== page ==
What We eat: your waistline and your bottom line

What to eat… it’s a common dilemma. You’re hungry and in a rush when the temptation of visiting a fast-food drive-thru strikes you. Maybe it’s been a long week and you’d rather take your family out to eat or treat someone special to a fine dining experience. Whatever variation of this dilemma, you might be surprised by the habit-forming nature of your choices and the ensuing financial consequences.

This isn’t to say you can’t indulge, life is short after all. However, it’s worth noting that in this past decade Americans have begun spending more on food eaten outside the home (restaurants, cafeterias, etc.) than they spend for at home consumption. (USDA) While the Covid-19 pandemic has temporarily reversed this trend, it likely hasn’t stopped the shift towards restaurants and away from the dinner table in a lasting way. Our dependence continues to grow on restaurants and lessen on ourselves for the preparation of our food.


Our collective budget for food has slowly shifted to a budget for service and ambiance. While there is nothing necessarily wrong with this, consumers must be careful not to lose sight of financial benchmarks.

As general advice, most financial advisors suggest that no more than 15% of take-home pay be spent on food. So, if after taxes a family earns $100,000 per year, rule of thumb suggests they should not spend more than $15,000 on food. Of course, an actual recommendation for your specific needs could vary. If a family particularly enjoys dining out it may make sense to include some of these expenses under their budget's entertainment section.


When purchasing from a grocery store, we pay for food to be produced, delivered, and stored. When purchasing from a restaurant we pay for those costs as well as preparation and service. As a rule of thumb, the cost of food paid by a restaurant (with exceptions such as beverages and fresh seafood) generally ranges from 28% - 32% of the total cost of a meal for the consumer. (RestaurantOwner) This meaning your food, on average, costs about 1/3 the price of your order. On top of that, the consumer is responsible for covering the tip as well which adds an additional 15-30% to an order.


Understand the true cost and the method of payment.

Make no mistake, Americans use US Dollars to pay for food, but in addition to our money we also use our time, daily budgeted allotment of calories, and our level of satisfaction as currency. Balance keeps you healthy, keeps money in your pocket, and helps you make the most of your day. Our plans should help us remain balanced.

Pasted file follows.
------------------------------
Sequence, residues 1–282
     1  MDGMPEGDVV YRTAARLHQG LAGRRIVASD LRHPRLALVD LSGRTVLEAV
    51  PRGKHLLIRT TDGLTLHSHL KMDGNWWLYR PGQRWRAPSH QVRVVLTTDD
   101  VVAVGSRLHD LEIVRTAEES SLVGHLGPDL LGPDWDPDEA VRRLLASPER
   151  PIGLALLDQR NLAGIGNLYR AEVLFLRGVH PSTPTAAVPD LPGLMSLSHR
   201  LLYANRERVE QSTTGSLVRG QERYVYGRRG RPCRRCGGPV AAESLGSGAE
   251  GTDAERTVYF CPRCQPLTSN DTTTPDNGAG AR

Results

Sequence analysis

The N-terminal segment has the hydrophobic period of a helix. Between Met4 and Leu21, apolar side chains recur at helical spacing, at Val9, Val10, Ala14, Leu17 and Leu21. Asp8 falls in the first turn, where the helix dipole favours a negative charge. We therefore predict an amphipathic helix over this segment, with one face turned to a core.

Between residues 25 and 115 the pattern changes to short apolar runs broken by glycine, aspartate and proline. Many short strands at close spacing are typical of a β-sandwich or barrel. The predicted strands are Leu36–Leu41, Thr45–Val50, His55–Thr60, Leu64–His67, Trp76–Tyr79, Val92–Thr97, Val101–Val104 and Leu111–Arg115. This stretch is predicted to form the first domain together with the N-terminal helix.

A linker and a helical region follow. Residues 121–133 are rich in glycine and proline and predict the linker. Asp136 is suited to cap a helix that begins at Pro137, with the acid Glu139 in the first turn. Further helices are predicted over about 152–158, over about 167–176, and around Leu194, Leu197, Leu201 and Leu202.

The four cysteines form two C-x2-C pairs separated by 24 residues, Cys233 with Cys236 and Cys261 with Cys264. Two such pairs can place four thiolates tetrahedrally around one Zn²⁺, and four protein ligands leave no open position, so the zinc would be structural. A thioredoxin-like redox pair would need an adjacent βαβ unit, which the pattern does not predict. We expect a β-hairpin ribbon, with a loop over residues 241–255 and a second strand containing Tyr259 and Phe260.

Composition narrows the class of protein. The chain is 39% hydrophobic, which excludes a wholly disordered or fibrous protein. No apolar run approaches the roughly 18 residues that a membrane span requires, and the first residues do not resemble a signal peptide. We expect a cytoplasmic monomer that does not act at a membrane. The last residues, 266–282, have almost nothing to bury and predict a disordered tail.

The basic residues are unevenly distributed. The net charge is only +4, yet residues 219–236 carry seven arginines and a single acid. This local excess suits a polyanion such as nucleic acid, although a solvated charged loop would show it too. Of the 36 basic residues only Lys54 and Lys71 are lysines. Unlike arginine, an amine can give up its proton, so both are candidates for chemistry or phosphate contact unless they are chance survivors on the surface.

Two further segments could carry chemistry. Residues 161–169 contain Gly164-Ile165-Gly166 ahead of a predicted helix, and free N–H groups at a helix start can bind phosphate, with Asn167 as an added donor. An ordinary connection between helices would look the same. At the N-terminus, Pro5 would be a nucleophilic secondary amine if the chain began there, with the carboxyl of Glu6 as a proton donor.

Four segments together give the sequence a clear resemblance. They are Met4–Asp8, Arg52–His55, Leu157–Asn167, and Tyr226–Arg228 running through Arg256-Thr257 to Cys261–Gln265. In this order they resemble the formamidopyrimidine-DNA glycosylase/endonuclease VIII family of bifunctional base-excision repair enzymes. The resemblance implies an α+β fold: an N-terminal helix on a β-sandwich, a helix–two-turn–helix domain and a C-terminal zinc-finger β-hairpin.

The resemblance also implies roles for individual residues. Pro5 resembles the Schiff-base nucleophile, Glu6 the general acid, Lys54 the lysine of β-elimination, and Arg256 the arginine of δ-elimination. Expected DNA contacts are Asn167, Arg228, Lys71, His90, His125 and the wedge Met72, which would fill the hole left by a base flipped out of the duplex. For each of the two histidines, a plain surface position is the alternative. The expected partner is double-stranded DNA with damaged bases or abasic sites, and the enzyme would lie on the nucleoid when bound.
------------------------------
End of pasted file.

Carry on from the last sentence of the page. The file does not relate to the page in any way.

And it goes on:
When going to a drive-thru, it could be said that our caloric budget takes a greater hit than our financial budget. Though, they can save us time and money in comparison to a dine-in restaurant. Our level of satisfaction created will vary but is likely to underperform in comparison to dine in restaurants.


Meal prepping or cooking at home is overall the most balanced method. It gives us the greatest control over our time, money, calories, and satisfaction. We prepare the food on our time, without paying for preparation or service, with control over the nutritional value and flavor of the recipe. If we frequent fast food restaurants, we value our time and money. If we frequent dine in restaurants, we value service and satisfaction. If we frequently cook ourselves, we value control.


The question is, what level of value do you place on your time, money, health, and the satisfaction you receive from what you eat? As you watch how your money is spent, keep these values in mind. The way you spend money often serves as a reflection of your values.


Changing for the better

1. Create or update your budget

2. Go on a diet / count your calories

3. Plan the week’s meals ahead of time

4. Practice your cooking skills and have fun with it


Ultimately, deciding on one or all of these solutions represents a shift in your values and that’s what spending money is all about. It isn’t about scrimping to save, it’s about a manifestation of values in the way that earnings are spent. When money is viewed like that, creating an emergency savings account or contributing the proper amount to your retirement accounts seems simple. Inspired to use money as an extension of your values? Is your retirement plan getting the attention it deserves? Let's talk about it. Clarity and the sound prioritization of obligations that clarity grants you is priceless.



Michael G.Romanello is a registered representative of and offers Securities through Independence Capital Company Inc. Member FINRA/SIPC.

5579 Pearl Road, Suit 100 Cleveland, OH 44129


Sources Cited

https://www.ers.usda.gov/data-products/food-expenditure-series/

https://www.restaurantowner.com/public/Restaurant-Rules-of-Thumb-Industry-Averages-Standards.cfm#:~:text=Food%20cost.,service%20and%20limited%2Dservice%20restaurants

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Michael G. Romanello, CEP, CLTC

Michael G. Romanello is a registered representative of and offers Securities through Independence Capital Company Inc.  Member FINRA/SIPC. 

5579 Pearl Road, Suit 100 Cleveland, OH 44129

Investment Advisory Services offered through Independence Capital Company Inc. 

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